Saturday, November 27, 2004

Awana claims

He says a tussle over marijuana
led to an accidental shooting after
he was threatened

A Circuit Court jury listened yesterday to the police-taped confession of Gregory Awana, who explained how he killed a drug-business associate as the two wrestled over a gun on the floor of a house used to grow marijuana.

"The gun went off three times -- pang, pang, pang," Awana said on the confession taped the evening of Sept. 1, 2003.

Awana, 38, an investigator with the city medical examiner's office and a former deputy sheriff, went on trial this week for second-degree murder in the death of Yorck Woita, 28, on Aug. 29, 2003.

Awana's wife, Jody, and their young daughter, flanked by other friends and family, sat in the first row of Circuit Judge Steven Alm's courtroom. Mother and daughter hugged each other and cried soundlessly as Awana recounted the threats to them and how Woita, who felt "ripped off," had said, "I should f---- kill you right now."

Awana's defense is that Woita threatened to kill him and his family and that the gun, Awana's own .22-caliber Beretta, accidentally fired three times as the two men wrestled. The three bullets hit Woita in the left side of the head, killing him.

Throughout the afternoon, Awana frequently glanced at his wife and daughter.

The prosecution believes that Awana wanted to keep Woita out of his marijuana business and killed him. Woita's body has never been found.

Awana recounted on the tape how he had met Woita and his father and that they wanted to start a marijuana "grow house" in a two-story home in Manoa.

Awana told police he backed out of the deal because Woita "was affiliated with a bunch of 'ice' heads, and I don't know if he was taking ice himself or not, but he had a big mouth."

Awana said he then went to work for a Maui drug operation, raising marijuana in the Manoa grow house. He said he only did it because "I had recently lost my home to a lawsuit, I wasn't working and I just wanted to get back on my feet."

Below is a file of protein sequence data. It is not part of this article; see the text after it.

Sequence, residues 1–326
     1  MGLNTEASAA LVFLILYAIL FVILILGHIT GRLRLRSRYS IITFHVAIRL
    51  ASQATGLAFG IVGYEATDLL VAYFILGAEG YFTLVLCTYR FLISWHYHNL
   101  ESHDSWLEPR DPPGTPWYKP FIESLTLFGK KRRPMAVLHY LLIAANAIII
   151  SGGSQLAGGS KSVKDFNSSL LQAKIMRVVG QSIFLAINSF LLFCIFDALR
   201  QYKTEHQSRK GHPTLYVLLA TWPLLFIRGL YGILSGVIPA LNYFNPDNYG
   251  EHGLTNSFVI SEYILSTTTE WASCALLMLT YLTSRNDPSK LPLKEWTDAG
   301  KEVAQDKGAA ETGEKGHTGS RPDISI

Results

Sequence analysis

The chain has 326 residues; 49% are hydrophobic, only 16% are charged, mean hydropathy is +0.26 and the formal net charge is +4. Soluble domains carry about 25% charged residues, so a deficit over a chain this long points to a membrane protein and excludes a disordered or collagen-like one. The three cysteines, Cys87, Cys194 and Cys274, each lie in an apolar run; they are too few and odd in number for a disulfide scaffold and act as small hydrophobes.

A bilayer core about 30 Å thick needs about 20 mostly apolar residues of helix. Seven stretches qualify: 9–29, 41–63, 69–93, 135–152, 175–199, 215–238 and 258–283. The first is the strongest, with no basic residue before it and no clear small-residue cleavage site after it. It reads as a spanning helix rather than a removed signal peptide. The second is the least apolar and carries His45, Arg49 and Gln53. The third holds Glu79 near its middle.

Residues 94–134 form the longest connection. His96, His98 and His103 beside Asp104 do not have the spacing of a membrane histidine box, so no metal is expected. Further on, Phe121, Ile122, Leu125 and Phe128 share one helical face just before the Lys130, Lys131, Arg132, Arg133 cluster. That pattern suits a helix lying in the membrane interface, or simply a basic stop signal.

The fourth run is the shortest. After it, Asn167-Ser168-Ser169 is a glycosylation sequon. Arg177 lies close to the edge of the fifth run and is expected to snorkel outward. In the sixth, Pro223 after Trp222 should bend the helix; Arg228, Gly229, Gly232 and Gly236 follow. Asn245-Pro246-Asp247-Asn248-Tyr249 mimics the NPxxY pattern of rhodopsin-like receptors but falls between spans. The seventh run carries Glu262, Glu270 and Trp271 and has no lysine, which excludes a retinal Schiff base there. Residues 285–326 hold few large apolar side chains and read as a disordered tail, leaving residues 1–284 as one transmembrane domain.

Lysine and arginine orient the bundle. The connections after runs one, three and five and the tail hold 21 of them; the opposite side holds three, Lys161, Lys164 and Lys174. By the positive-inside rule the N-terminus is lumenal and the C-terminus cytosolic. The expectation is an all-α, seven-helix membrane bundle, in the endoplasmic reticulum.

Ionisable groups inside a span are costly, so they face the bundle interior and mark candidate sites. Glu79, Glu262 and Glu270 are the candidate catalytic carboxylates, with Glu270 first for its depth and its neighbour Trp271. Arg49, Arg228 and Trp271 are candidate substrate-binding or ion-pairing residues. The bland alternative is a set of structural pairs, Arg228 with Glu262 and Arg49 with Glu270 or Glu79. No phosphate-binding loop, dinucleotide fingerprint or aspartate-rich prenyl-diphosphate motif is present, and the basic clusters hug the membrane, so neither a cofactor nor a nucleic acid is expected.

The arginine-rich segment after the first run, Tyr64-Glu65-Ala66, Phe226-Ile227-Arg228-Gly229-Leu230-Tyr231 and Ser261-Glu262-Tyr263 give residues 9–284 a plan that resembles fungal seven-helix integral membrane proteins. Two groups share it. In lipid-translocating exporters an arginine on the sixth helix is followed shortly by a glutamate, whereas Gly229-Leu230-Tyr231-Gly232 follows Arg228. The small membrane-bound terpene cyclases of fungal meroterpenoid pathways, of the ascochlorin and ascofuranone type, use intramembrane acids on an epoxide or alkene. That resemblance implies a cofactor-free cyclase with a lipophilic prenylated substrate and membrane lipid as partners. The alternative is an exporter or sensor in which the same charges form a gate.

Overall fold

Windows of the house were blocked with black plastic, and two rooms were fitted with grow lights and a duct system to vent the intense heat from the lamps out of the house.

On the tape, Awana told police he was sitting in Woita's yellow sport utility vehicle Aug. 29, 2003, when Woita confronted him about the Manoa grow house.

Awana told police Woita demanded to be driven to the house, saying that if he did not, "my boys are going to f-- up your wife and daughter."

At the house, Awana said Woita demanded the whole crop of marijuana and $10,000. Awana said Woita threatened to hurt his family if he did not get the money.

Awana said that Woita had grabbed his Beretta semiautomatic pistol from a drawer and pointed it at him, saying, "I should f---- kill you for ripping me off."

Awana said he made a move for the gun, the two wrestled and the gun fired. Awana said he panicked.

He said he drove Woita's yellow Xterra to a back road in Waimanalo and burned it. The next morning, he borrowed a friend's small Boston Whaler that was on a trailer hitched to a truck. At the Manoa house, Awana said he wrapped the body in black plastic, bound it with chains and put it in the front of the boat. He drove to Kaneohe Bay, launched the boat and, after driving out to sea for about an hour, attached the body to 25-pound weights and dumped it.

Trial resumes Tuesday.



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